Gradual Revelation  The design borrows the idea of “gradual revelation” from traditional Chinese architecture to create a sense of mystery so that visitors will treasure the reserve even more. To people on the street the building appears as a small hill with many trees, blocking views further into the reserve. After walking downwards into the half-buried first floor, visitors are attracted to the underwater window which makes people temporarily forget what happen above the water surface. On the second floor, a layer of metal mesh (to be covered with ivy) hangs outside of the glass wall facing the reserve. In addition, a layer of film is glued on the glass wall to show historic maps of Jiangwan. Only after the visitors climb onto the roof deck, the scenery of the reserve fully reveals itself to them. People can then return to the entry plaza through a path on the slope of the man-made hill.

Image Courtesy © Pu Miao Architecture, The observation decks on the roof

Green Architecture  Because this reserve will become a tiny oasis within a dense city, the project should consume as little as possible the green area and, ideally, should increase the greenery. Accordingly, the west side of the building is covered with earth and plants similar to those in the reserve. On the east elevation, a green mesh shields the building too. Considering the fact that the building occupies the former site of a house, this design actually increases the total amount of planted area. The earth shelter design also improves the energy conservation of the structure. Plus, openable windows on the first and roof levels will allow passive ventilation during the mild weathers.

Image Courtesy © Pu Miao Architecture, Windows to observe live plant specimens on the west side of the second-floor Exhibition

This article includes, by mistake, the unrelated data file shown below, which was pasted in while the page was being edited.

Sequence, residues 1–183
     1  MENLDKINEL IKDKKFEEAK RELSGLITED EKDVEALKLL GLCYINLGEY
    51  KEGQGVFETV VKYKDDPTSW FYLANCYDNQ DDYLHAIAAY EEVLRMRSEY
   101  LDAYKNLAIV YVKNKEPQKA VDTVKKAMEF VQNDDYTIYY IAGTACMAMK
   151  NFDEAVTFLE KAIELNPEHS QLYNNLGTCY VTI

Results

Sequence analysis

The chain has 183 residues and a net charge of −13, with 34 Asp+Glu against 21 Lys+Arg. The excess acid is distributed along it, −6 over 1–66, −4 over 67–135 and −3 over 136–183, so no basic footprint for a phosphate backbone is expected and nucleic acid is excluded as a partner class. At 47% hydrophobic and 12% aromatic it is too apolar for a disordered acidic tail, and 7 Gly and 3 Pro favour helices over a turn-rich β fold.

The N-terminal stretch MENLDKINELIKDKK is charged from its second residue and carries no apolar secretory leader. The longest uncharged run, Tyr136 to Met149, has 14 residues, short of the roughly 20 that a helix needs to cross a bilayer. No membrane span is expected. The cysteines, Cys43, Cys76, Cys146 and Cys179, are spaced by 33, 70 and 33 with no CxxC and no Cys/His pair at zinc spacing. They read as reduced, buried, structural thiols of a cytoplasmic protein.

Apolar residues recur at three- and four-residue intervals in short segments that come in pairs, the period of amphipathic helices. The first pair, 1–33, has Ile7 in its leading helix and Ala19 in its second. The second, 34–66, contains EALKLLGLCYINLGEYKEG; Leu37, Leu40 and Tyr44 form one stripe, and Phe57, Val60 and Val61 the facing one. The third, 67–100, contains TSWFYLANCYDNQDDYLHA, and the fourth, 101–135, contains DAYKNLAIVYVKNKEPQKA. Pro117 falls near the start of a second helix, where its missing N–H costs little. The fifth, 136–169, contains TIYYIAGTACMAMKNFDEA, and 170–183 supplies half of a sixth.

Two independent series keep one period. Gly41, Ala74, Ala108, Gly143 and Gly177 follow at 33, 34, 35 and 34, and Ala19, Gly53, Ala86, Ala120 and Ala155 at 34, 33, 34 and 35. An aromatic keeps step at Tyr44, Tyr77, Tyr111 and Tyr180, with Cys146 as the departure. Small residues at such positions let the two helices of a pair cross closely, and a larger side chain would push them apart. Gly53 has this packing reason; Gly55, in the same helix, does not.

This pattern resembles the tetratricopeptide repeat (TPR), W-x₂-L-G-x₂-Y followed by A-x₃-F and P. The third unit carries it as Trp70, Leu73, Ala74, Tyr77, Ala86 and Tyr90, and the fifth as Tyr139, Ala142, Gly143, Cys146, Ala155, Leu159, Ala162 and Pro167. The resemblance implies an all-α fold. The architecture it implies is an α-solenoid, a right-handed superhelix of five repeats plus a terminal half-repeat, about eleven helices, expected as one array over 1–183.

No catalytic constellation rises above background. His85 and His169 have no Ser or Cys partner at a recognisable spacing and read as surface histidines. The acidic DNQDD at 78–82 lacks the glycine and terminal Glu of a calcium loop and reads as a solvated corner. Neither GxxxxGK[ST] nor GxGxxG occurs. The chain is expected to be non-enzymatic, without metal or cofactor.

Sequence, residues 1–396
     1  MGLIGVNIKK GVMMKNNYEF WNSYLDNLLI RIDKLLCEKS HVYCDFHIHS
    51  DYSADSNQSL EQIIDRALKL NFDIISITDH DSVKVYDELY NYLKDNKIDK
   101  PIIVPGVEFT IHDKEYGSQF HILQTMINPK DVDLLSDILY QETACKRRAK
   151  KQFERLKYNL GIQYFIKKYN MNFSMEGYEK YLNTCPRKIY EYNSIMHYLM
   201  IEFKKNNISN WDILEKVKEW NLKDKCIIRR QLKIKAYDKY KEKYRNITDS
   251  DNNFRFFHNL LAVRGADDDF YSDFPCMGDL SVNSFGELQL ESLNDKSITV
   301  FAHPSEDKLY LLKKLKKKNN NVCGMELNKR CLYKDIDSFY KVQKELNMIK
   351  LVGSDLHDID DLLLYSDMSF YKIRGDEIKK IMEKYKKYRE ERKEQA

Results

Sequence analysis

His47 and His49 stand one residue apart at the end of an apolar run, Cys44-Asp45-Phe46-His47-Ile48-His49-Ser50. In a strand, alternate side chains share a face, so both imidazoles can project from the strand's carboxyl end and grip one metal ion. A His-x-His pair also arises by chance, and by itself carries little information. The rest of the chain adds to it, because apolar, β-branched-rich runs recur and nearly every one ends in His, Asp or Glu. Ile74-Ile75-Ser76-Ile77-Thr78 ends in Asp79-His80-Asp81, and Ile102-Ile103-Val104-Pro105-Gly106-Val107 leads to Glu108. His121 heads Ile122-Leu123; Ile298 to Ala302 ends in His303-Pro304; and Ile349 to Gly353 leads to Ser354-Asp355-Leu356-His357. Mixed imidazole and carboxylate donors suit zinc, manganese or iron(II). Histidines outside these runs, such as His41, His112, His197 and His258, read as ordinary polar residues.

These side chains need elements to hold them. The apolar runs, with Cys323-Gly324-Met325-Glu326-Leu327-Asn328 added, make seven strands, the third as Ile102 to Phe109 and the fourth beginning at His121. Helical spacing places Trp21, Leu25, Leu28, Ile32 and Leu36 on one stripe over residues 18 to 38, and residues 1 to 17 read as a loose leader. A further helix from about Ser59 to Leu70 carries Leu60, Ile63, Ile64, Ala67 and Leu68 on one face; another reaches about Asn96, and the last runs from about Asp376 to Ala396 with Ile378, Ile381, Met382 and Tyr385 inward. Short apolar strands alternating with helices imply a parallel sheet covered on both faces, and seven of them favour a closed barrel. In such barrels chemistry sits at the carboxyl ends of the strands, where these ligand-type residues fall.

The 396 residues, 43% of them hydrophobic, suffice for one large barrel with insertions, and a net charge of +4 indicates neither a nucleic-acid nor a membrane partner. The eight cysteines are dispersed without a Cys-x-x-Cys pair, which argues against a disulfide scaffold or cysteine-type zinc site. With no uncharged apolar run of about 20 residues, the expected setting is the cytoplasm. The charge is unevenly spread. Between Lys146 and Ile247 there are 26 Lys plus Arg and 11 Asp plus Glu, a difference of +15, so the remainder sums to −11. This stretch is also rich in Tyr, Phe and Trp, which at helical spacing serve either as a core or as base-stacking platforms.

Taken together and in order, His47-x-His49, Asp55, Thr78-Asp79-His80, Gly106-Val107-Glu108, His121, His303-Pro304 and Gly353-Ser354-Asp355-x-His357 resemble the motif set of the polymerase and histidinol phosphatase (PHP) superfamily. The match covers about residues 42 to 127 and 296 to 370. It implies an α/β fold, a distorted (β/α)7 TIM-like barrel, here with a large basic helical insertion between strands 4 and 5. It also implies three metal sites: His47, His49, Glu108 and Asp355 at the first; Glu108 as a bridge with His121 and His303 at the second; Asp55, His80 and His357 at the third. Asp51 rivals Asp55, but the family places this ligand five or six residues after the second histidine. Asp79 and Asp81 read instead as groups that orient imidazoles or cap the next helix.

Image Courtesy © Pu Miao Architecture, The maps and bird specimens on the glass curtain wall along the east side of the second-floor

Image Courtesy © Pu Miao Architecture, Vertical penetration between the exhibition spaces on the first and the second floors.

Image Courtesy © Pu Miao Architecture, From the Entrance looking toward the underwater windows in the first-floor Exhibition

Image Courtesy © Pu Miao Architecture, Shaded and downward entrance suggests entering “another world”.

Image Courtesy © Pu Miao Architecture, From the cantilevered deck on the roof looking toward the stair tower.

Image Courtesy © Pu Miao Architecture, Details of the map, bird specimens, and outdoor metal mesh at the second-floor glass curtain wall.

Image Courtesy © Pu Miao Architecture, From the south end of the second-floor Exhibition looking north.

Image Courtesy © Pu Miao Architecture, Details of the east elevation at night

Image Courtesy © Pu Miao Architecture

Image Courtesy © Pu Miao Architecture

Image Courtesy © Pu Miao Architecture

Image Courtesy © Pu Miao Architecture

Image Courtesy © Pu Miao Architecture

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Categories: Autocad, Exhibition Center